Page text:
The bridge that connects Elvaston to Borrowash
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|EU Parliament||East Midlands|
Elvaston is a small village and civil parish in Derbyshire, England. The parish also includes two hamlets, Ambaston and Thulston, and a modern housing estate, Boulton Moor. The population of the civil parish taken at the 2011 Census was 1,801. Located to the south-east of Derby, Elvaston itself is dominated by Elvaston Castle, a country house which is currently in the ownership of Derbyshire County Council, who plan to lease the site to a private company. The move has proved controversial, attracting a petition of 60,000 signatures against the proposals collected by the Elvaston Castle Estate Trust, who want to keep the site in public ownership. At the present time the Castle is rarely open to the public and has been somewhat neglected, while the grounds are open throughout the summer.
”The land of Geoffrey Alselin
In Alvaston and Ambaston Thulston and Elvaston Toki had ten carucates of land to the geld. There Geoffrey Alselin has now two ploughs in demesne; and a certain knight of his one plough. There 32 villans have 15 ploughs. There is one priest and a church and a mill rendering 12 shillings and one smith and 52 acres (210,000 m2) of meadow and a little scrubland. TRE worth twelve pounds now ten pounds. “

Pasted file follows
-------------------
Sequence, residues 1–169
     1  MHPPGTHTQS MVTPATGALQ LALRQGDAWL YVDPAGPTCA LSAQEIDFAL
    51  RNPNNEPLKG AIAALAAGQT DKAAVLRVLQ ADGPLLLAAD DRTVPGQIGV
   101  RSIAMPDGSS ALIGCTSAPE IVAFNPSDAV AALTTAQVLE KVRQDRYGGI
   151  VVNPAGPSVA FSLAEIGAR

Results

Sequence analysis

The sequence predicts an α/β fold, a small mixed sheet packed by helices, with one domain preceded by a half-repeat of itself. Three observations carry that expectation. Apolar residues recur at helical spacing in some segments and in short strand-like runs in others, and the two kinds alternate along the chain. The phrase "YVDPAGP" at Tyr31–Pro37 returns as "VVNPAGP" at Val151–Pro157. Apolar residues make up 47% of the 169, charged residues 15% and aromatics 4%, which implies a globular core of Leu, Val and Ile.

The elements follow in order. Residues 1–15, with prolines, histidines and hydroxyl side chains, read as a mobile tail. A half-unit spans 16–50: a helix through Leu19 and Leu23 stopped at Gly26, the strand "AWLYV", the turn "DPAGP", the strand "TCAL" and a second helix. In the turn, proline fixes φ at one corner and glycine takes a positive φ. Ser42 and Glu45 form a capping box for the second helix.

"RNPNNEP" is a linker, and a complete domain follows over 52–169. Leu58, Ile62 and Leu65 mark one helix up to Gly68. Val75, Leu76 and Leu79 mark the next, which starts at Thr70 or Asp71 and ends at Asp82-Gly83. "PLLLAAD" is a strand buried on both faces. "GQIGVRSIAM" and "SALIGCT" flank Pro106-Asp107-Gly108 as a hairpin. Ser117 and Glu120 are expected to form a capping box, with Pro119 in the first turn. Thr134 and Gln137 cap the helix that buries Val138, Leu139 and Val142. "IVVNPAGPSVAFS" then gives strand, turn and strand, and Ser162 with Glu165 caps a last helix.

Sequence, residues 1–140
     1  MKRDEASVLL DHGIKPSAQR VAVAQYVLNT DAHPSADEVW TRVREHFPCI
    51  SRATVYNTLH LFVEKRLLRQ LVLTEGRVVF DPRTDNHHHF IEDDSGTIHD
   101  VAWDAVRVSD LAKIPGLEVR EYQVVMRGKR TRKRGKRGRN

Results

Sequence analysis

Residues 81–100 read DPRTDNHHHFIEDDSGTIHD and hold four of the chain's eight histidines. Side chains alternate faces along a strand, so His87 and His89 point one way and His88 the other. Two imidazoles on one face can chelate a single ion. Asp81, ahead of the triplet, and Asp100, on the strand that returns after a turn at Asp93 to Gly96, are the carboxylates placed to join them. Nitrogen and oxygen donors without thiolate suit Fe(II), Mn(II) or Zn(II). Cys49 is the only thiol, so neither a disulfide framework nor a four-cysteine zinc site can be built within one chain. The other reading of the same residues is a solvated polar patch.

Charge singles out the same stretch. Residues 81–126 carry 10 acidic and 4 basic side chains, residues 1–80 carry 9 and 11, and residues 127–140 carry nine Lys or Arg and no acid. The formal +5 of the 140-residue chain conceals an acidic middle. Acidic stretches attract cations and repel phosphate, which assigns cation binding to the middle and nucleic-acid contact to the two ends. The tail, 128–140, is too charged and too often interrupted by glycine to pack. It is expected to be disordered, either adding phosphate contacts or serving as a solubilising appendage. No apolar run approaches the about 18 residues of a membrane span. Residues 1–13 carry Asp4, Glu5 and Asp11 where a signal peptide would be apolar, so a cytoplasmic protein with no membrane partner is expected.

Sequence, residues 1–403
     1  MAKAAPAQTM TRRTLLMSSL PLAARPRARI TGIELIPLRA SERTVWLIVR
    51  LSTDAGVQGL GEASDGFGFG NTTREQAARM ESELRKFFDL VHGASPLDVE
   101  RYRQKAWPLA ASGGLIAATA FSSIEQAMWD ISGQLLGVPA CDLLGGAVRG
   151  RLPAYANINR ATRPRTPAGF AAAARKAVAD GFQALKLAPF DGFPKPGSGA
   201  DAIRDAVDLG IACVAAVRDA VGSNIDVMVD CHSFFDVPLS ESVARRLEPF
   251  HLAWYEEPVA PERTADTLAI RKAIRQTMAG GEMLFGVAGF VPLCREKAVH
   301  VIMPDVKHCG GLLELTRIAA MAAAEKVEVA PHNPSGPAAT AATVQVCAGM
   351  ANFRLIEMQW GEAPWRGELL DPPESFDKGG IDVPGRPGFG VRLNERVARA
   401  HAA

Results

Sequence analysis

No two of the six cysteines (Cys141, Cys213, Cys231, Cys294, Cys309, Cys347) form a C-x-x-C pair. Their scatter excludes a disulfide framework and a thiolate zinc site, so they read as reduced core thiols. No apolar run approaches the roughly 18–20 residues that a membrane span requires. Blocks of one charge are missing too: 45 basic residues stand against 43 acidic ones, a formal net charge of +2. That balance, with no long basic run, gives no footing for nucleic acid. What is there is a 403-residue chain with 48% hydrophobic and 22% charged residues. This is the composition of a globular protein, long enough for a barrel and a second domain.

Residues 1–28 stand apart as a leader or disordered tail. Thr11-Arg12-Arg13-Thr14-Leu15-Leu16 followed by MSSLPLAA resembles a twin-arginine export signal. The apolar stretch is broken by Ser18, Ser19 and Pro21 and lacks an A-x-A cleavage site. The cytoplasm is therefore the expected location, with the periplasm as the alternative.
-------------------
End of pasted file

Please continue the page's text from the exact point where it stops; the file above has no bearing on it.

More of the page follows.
- Anthony Blackwall was a vicar here
- Geoffrey S. Dawes, physiologist lived in Thurleston Grange as a boy
- William Darwin Fox, introduced his second cousin Charles Darwin to the study of insects, was born near here in 1805
The hamlet of Ambaston is located about one mile east of Elvaston close to the River Derwent.
The hamlet of Thulston is immediately south of Elvaston on the B5010 road. The Harrington Arms is the only public house in the parish and is a local landmark in Thulston.
- "Civil Parish population 2011". Neighbourhood Statistics. Office for National Statistics. Retrieved 24 March 2016.
- Open Domesday Online: Elvaston, accessed June 2017
- Geoffrey Alselin held a considerable number of manors including several in Derbyshire given to him by the King. These included obviously Ambaston, Elvaston, Alvaston and Thulston, but also land in Etwall, Ednaston, Hulland, Egginton, Breaston and Ockbrook
- TRE in Latin is Tempore Regis Edwardi. This means in the time of King Edward before the Battle of Hastings.
- Domesday Book: A Complete Transliteration. London: Penguin, 2003. ISBN 0-14-143994-7 p.750
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